Juvenile hormone regulates body size and perturbs insulin signaling in Drosophila.

Journal Article

The role of juvenile hormone (JH) in regulating the timing and nature of insect molts is well-established. Increasing evidence suggests that JH is also involved in regulating final insect size. Here we elucidate the developmental mechanism through which JH regulates body size in developing Drosophila larvae by genetically ablating the JH-producing organ, the corpora allata (CA). We found that larvae that lack CA pupariated at smaller sizes than control larvae due to a reduced larval growth rate. Neither the timing of the metamorphic molt nor the duration of larval growth was affected by the loss of JH. Further, we show that the effects of JH on growth rate are dependent on the forkhead box O transcription factor (FOXO), which is negatively regulated by the insulin-signaling pathway. Larvae that lacked the CA had elevated levels of FOXO activity, whereas a loss-of-function mutation of FOXO rescued the effects of CA ablation on final body size. Finally, the effect of JH on growth appears to be mediated, at least in part, via ecdysone synthesis in the prothoracic gland. These results indicate a role of JH in regulating growth rate via the ecdysone- and insulin-signaling pathways.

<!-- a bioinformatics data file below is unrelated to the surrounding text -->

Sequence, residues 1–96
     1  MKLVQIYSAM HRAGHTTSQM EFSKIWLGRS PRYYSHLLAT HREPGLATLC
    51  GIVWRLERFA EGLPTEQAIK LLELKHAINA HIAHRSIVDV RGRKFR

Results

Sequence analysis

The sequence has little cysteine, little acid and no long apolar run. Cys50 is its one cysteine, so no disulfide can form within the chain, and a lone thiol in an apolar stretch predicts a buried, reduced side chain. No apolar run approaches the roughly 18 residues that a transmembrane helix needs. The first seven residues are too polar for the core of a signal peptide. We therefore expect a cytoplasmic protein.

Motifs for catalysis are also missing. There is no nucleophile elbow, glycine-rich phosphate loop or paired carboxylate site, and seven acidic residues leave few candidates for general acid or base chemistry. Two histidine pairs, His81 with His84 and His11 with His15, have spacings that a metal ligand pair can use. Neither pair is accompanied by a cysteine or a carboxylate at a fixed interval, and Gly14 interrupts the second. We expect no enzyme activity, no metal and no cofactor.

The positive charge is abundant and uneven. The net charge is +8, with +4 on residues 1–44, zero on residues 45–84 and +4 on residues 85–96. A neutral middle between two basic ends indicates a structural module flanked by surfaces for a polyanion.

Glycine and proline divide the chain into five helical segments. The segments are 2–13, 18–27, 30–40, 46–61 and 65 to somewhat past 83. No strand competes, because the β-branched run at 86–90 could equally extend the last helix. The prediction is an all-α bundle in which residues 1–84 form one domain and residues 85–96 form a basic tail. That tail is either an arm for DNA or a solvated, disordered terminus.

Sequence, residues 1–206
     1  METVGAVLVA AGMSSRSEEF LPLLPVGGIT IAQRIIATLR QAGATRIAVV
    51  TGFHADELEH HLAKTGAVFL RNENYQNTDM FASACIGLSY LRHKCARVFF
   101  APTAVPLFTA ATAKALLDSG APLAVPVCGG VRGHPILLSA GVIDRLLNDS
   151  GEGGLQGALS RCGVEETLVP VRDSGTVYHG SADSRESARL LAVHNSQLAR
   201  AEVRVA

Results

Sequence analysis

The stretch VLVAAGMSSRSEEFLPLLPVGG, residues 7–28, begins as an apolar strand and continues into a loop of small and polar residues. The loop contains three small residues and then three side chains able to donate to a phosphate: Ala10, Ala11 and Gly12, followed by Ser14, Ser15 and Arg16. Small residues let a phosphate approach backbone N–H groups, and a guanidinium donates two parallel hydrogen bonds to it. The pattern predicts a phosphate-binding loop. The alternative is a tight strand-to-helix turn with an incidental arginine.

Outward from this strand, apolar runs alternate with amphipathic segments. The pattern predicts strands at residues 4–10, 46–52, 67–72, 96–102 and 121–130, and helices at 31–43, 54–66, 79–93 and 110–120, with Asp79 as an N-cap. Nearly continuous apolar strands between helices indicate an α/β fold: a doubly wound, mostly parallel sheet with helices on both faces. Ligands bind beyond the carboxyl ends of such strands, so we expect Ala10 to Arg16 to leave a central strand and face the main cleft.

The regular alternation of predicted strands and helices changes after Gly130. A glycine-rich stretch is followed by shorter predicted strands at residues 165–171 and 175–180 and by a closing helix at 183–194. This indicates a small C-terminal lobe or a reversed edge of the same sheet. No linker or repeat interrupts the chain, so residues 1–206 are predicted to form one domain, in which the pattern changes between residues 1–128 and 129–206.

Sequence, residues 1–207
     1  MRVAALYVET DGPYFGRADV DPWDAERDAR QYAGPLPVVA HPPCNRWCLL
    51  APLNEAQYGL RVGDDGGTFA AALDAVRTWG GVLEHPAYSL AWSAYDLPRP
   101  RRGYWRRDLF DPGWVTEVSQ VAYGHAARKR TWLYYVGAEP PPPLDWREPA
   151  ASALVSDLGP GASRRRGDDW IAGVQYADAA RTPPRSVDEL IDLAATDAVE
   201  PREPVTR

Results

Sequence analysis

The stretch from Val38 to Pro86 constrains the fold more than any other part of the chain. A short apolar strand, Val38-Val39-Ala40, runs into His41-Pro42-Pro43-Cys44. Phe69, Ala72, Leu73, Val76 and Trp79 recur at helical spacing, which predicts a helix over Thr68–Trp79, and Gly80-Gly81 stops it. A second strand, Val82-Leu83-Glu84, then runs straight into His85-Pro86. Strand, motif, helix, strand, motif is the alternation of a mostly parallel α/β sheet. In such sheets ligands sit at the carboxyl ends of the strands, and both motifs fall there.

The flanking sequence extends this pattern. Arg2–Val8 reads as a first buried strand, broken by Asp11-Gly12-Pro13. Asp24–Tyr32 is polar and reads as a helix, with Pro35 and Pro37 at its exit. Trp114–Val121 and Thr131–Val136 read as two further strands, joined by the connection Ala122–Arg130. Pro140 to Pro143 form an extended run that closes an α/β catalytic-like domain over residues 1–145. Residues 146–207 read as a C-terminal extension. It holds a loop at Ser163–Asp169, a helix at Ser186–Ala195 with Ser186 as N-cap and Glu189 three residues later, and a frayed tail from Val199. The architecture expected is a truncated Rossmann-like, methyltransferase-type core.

Full Text

Duke Authors

Cited Authors

  • Mirth, CK; Tang, HY; Makohon-Moore, SC; Salhadar, S; Gokhale, RH; Warner, RD; Koyama, T; Riddiford, LM; Shingleton, AW

Published Date

  • May 2014

Published In

Volume / Issue

  • 111 / 19

Start / End Page

  • 7018 - 7023

PubMed ID

  • 24778227

Electronic International Standard Serial Number (EISSN)

  • 1091-6490

International Standard Serial Number (ISSN)

  • 0027-8424

Digital Object Identifier (DOI)

  • 10.1073/pnas.1313058111

Language

  • eng